Part 4 of our 7-part series on the draft Media Bill - levelling the regulatory playing field between video-on-demand and traditional broadcast linear services

United Kingdom

In this article we explore Part 4 of the draft Media Bill, “On-Demand Programme Services”.

Enhanced regulation for large video-on-demand services

Ever since VOD services burst onto UK (and EU) screens over ten years ago the topic of VOD regulation has been something that regulators and industry personnel have been grappling with. The AVMS Directive 2010 introduced minimum obligations on VOD services (that were supplemented under the revised AVMS Directive 2018) against a backdrop where the EU noted in the 2010 AVMS Directive that:

“On-demand audiovisual media services are different from television broadcasting with regard to the choice and control the user can exercise, and with regard to the impact they have on society. This justifies imposing lighter regulation on on-demand audiovisual media services”

Fast-forward to today and very few would argue that the impact that VOD services have on society is less than traditional broadcast linear services. In fact, according to Ofcom’s Media Nations Report 2022, penetration of SVOD services in the UK is in excess of 65%. It is therefore of little surprise that the draft Media Bill seeks to increase regulation on VOD services.

Who does it apply to?

The draft Media Bill introduces increased regulation on large streaming services watched in the UK, regardless of where such services are based. This is in light of the fact that many large SVOD services are headquartered outside of the UK and Ofcom has no current remit to ensure such platforms comply with the current “ODPS rules”. Moreover, since Brexit, the UK has not been able to depend on such rules being regulated in their “country of origin” (other than in limited situations where the European Convention on Transfrontier Television applies). In fact, Ofcom has a whole page on its website dedicated to the fact that it does not regulate Netflix.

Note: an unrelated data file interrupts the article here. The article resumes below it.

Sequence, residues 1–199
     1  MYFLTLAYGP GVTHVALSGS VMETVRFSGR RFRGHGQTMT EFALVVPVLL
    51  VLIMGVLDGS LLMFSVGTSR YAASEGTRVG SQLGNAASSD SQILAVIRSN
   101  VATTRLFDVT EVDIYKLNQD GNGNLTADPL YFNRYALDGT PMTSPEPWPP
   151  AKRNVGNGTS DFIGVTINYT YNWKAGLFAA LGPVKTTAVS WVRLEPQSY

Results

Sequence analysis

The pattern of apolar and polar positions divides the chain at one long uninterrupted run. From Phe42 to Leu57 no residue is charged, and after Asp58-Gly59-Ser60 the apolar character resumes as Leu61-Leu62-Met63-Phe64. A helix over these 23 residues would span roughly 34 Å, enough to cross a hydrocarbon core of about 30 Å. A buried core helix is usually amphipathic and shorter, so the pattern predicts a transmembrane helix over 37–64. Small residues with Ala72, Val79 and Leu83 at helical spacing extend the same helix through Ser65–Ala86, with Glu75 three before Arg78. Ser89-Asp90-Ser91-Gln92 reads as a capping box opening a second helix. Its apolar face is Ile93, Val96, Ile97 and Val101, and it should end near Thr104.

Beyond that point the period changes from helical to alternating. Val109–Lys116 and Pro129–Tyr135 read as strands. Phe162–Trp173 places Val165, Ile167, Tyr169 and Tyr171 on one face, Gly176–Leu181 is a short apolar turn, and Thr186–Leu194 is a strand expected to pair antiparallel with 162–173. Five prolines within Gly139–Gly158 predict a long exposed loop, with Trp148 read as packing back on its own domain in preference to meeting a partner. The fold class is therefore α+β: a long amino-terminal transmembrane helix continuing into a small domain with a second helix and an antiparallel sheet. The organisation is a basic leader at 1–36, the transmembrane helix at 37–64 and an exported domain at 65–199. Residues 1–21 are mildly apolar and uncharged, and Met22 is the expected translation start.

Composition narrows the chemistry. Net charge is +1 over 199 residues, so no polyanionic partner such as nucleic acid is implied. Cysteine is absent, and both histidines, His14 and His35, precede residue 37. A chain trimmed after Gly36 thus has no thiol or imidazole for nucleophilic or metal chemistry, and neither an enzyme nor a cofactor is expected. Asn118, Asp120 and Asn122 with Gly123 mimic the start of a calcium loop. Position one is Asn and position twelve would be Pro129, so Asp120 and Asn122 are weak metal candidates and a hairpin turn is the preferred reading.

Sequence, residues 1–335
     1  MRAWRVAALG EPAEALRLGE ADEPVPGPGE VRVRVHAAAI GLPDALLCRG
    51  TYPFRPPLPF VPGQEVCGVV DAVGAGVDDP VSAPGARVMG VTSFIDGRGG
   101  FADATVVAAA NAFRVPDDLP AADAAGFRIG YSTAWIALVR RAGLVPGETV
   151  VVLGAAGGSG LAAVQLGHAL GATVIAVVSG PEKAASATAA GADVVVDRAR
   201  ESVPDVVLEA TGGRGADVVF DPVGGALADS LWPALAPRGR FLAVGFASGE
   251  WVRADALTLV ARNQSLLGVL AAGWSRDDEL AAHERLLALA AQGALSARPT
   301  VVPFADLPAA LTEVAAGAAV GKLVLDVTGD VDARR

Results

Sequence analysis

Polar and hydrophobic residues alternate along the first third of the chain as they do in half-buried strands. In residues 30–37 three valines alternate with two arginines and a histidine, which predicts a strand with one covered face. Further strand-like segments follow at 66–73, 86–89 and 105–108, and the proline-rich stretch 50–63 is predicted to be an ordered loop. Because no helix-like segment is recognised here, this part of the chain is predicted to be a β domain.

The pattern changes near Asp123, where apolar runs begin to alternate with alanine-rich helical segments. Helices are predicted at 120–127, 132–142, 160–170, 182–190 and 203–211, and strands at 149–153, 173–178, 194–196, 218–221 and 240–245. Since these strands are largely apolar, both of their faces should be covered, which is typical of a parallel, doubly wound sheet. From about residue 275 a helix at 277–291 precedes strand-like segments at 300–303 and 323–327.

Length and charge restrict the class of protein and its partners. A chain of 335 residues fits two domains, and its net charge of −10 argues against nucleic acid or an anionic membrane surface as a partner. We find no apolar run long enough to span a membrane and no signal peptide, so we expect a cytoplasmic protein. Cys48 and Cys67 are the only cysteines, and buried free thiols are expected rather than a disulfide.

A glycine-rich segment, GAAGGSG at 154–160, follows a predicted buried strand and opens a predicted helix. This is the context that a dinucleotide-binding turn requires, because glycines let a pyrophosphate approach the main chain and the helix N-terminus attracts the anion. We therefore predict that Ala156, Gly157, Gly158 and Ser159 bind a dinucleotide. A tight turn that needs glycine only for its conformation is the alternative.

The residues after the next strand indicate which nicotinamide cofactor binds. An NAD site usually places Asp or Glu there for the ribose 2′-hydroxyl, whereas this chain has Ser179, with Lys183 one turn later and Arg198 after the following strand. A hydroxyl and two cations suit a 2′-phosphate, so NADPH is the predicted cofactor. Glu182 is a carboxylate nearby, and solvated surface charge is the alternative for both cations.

To give effect to both “enhanced regulation” and “cross-territorial reach” the draft Media Bill introduces a new category of service titled “Tier 1 services”.

Tier 1 services, which will be subject to enhanced regulation, include:

  • VOD services operated by public service broadcasters, other than BBC iPlayer, which is already regulated under the Broadcasting Code, and will remain so; and
  • any VOD services specified by the Secretary of State either explicitly by name or by reference to falling within parameters as mandated by the Secretary of State from time to time. This may include both UK on-demand programme services and non-UK on-demand programme services (i.e. services that are not headquartered in the UK, and/or do not make editorial decisions in the UK but are made available to members of the public in the UK).

As noted in other articles in this series, available here, the ability for the Secretary of State to “designate” services appears throughout other sections of the draft Media Bill  and affords the Government with the ability to react quickly in the face of changes to the media environment (including, for example, new large VOD services being made available in the UK) without the need to enact new legislation.